October 15, 2007

If you fill their minds with mush..

You get, well...mush. I am speaking, of course, about children's books, children's television programming, children's toys, and just about anything else that children are expected to enjoy these days.

This post follows closely THIS post.

So, the other night I was choosing on of the two stories that my four-year-old brother demands I read him every night. I happily comply with these demands, as it is one of the few times that the wiggly kid will snuggle with me for more than two seconds at a time. I'm looking through his shelf, and seeing a fairly good representation of the development of children's books over the last two decades. Near the bottom (and in a hard to find spot, unfortunately) we find the great old books I had in my childhood. Dr. Seuss, among other creative but essentially meaningless stories is the main attractant. Next are books from the mid nineties, a hodge-podge of the Barney opposite books and a few creative stories for "beginning readers". Farther north, we have mindless trash about letters and numbers, opposites, and putting pictures in their place. Gone are the imaginative, albeit confusing, plots of the classic stories I used to enjoy, and still do when I read them aloud. I honestly am surprised at how quickly these books degenerated.

I am going to propose an explanation. In the advent of a scientific, secular age in which heresay and fan.tasy are shoved into a back corner, the end has become much more important than the means. Instead of getting a child to be excited about reading by giving him engaging stories about far-off lands like Narnia or interesting creatures like the Goop or whatever else, we give him mishmash designed to give him the utmost learning experience. But what's the point of that? Instead of giving him a wonderful story that teaches him much more about the real world, we spoon-feed the children facts and numbers. "No, we can't trust the children to read and learn for themselves, we must make sure they learn only what they want them to." It would seem that I mispoke earlier. It is the means, not the end, that is all important. We can't have children excited about learning or being voracious readers or being imaginative. No, we have to make a scientifically engineered learning environment where every kid gets the same thing.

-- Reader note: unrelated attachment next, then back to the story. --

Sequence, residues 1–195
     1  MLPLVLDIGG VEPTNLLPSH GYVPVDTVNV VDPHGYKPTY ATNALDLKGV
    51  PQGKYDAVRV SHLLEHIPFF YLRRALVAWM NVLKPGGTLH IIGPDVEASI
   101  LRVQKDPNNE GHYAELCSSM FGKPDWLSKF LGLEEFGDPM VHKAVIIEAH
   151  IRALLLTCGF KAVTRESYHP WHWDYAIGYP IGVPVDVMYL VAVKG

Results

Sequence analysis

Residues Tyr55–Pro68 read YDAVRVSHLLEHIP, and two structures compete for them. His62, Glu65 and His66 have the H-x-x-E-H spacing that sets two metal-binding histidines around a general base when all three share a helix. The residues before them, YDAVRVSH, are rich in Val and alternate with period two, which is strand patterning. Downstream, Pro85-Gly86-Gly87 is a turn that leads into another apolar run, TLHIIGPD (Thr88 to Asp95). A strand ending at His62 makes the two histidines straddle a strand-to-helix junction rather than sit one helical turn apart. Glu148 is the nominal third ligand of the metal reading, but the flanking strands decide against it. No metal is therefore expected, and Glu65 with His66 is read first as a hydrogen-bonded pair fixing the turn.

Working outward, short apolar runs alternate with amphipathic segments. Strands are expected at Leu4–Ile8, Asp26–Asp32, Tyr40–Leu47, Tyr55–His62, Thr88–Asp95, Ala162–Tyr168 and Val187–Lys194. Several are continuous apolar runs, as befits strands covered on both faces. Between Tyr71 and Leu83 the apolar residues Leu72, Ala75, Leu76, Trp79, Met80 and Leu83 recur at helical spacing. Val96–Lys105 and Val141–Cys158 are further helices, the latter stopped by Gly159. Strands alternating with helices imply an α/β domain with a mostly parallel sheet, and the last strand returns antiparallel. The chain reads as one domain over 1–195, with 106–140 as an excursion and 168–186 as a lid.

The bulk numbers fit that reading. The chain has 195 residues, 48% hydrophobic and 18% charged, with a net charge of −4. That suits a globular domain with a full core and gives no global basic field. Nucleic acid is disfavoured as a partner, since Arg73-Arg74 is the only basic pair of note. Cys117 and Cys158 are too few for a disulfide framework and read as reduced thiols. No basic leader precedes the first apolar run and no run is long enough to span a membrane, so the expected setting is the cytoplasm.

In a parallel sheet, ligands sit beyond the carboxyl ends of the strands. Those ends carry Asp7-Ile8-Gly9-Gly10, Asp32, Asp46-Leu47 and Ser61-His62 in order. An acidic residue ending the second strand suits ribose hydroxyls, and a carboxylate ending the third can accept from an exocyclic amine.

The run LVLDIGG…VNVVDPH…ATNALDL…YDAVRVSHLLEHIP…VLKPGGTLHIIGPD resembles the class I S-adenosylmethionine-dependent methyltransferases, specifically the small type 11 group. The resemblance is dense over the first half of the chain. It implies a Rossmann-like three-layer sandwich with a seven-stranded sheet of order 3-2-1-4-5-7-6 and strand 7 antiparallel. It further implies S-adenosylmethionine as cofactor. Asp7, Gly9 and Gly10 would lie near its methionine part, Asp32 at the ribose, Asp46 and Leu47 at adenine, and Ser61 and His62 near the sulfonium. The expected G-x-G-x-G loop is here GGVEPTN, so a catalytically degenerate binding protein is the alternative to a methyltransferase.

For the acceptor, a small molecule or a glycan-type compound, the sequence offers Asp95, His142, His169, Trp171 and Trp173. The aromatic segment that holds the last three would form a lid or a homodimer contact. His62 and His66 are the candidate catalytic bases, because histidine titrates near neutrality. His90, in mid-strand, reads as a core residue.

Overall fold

Television shows are experiencing the same horrible degeneration. At the moment, my little brother is glued to the tube as it throws colors, numbers, and experiences at him. Again, we have the same spoon-feeding syndrome. I'm going to name this. *glosses* Cochlear Pascivity, or CP. So from this Cochlear Psacivity of this modern pop cu.lture, we get shows like Teletubbies, where instead of the glorious creatures of Seuss we have odd-looking yellow bears that say, "Number...oooooh." Scratch that, they don't even pronounce things correctly. The same is true of all the new TV shows these days. Instead of the wonderful stories, fables, and parables that taught the children of yesteryear very succesfully, we have scientists concocting shows that spoon feed the child numbers and letters. And don't get me started on the flagrant lack of any moral quality.

So what does this Cochlear Pascivity in childhood lead to in adu.lthood? I can't be sure, as the first generation of it is at about my age. But trust me, we shall see plenty of it in the future. The whole society is being lead to have this Cochlear Pascivity - this expactancy that everything is to be handed to them, that they don't have to work for anything. In the (decreasing) Capitalist economy we have in this country, that attitude leads directly to poverty. In poverty, the man has no option other than working or feeding off of the goverment through wealth redistribution. And that leads to more votes for the Socialists, as the poor cannot cut themselves off from their livelihood.

This may seem like doom and gloom speak, but it is the conclusion I draw. Honestly, I cannot help but draw a link between the Socialists taking over America and this Cochlear Pascivity. The Intelligentia seem to be controlling both. Ah well, I'll just continue to try and write literature for all ages, and see if this cu.lture war can't be won.

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Blogger Shakespeare's Cobbler said...